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I designed and printed a line of tshirts which I am selling online. I want to put them in some retail outlets and decided to go look for a sales rep. I'm in Socal so I went to LA's fashion district's California Mart building and The New Mart to meet some sales reps.

I was a little surprised about my experienced. At the Calfornia Mart, most of the building was empty, and the few sales reps I did meet wanted extremely low wholesale prices: $3, $4/unit. My prices are more than that just for the blanks and I need to factor in profit, so we're about double that at least.

The New Mart on the other hand had sales reps mostly dealing with high end shirts - $16-$30 wholesale. They didn't like that I was using blanks as opposed to cut&sew.
Well, I'm not ready for high end fashion cut & sew specialty manufactured blanks.

So end of the day, I walked around a lot, talked to some people, but found myself at a weird limbo... Too pricey to sell at large retailers that carry tens of thousands of $8 tees, not fine enough to sell at premium stores (Fred Segal, Kitson, etc) where shirts go for $60+ retail.

Where my stuff belongs is where most of the "quality" shirts I do see - graphic tees printed on good quality blanks like American Apparel, priced around $20-26 retail.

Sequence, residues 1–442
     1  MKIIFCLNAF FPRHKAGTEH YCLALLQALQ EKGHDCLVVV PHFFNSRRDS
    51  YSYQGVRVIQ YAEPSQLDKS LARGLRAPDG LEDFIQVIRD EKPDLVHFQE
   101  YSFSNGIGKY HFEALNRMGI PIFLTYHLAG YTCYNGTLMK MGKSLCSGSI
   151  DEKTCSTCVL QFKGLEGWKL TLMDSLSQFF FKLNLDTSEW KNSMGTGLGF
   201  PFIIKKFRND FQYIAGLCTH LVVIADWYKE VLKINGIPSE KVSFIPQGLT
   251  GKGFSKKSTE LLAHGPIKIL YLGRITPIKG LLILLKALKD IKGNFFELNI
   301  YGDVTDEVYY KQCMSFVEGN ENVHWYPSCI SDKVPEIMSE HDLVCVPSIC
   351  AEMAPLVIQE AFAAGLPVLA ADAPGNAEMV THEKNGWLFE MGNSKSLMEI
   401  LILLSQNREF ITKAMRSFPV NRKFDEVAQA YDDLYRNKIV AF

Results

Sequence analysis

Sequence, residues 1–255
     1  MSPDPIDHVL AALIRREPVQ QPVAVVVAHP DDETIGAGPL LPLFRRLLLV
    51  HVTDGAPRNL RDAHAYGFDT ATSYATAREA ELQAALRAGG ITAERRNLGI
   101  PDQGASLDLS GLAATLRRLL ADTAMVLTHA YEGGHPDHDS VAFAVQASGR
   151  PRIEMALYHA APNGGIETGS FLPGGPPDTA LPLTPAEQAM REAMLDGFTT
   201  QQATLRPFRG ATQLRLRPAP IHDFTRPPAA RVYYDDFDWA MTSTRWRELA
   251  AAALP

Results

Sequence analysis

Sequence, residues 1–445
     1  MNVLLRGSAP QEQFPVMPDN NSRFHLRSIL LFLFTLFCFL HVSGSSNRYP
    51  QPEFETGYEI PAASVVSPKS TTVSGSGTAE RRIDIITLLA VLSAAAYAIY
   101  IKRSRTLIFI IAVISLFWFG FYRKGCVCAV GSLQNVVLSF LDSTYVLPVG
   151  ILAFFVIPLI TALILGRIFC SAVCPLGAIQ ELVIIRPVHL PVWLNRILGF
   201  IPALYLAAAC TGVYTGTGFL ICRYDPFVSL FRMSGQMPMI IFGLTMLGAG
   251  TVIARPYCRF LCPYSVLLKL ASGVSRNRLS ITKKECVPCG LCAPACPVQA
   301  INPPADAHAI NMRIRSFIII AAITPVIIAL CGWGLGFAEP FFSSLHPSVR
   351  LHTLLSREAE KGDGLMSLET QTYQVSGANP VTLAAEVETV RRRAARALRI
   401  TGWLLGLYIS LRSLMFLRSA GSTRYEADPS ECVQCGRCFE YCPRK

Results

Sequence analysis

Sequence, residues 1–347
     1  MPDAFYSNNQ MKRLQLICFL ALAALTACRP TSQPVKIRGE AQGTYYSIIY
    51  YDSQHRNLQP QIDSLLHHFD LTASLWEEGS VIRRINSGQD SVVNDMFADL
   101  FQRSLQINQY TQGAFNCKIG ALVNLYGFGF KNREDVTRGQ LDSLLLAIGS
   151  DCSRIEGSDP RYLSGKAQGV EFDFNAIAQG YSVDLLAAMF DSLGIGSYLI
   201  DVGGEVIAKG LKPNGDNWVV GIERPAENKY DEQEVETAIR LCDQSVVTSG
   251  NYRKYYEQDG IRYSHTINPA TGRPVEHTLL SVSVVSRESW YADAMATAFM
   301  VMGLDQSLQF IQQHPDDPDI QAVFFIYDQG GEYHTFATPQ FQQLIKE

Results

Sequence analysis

I'd like to get into PacSun, Tilly's, or Urban Outfitters.

Should I just go at it alone by trying to find buyers and emailing them line sheets?
Is there a better way to find a sales rep matched to my market segment?
 

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It is important to remember that you determine the price point and profitability when you buy the t-shirts. If you pay too much to the t-shirts you cannot change the profit picture much afterward.
Give you an example: I recently had an order that required 5,000 colored t-shirts. I called several regular suppliers and asked them what my pricing would be buying that quantity. It works the same when you are ordering larger quantities but further price reductions stall out around 50,000 shirts...less than 5K and chances of large order pricing is unpredictable.
Call several suppliers with the same proposal. Tell them you must buy the shirts and you would prefer buying them from them.
I know some large national suppliers pay their inside sales people a commission so they have an incentive to get your order by offering the best pricing.
If I want to use a particular supplier but have better pricing elsewhere I call them back with that better price and give them the opportunity to beat my best price. Often you will be pleasantly surprised. Always order enough to get free freight too.
 

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I need to start thinking about taking on some out of the area reps for our custom wholesale printing, and maybe our brands. What is the average %age and responsibility arrangement for small to medium screen printing shops lately.
 
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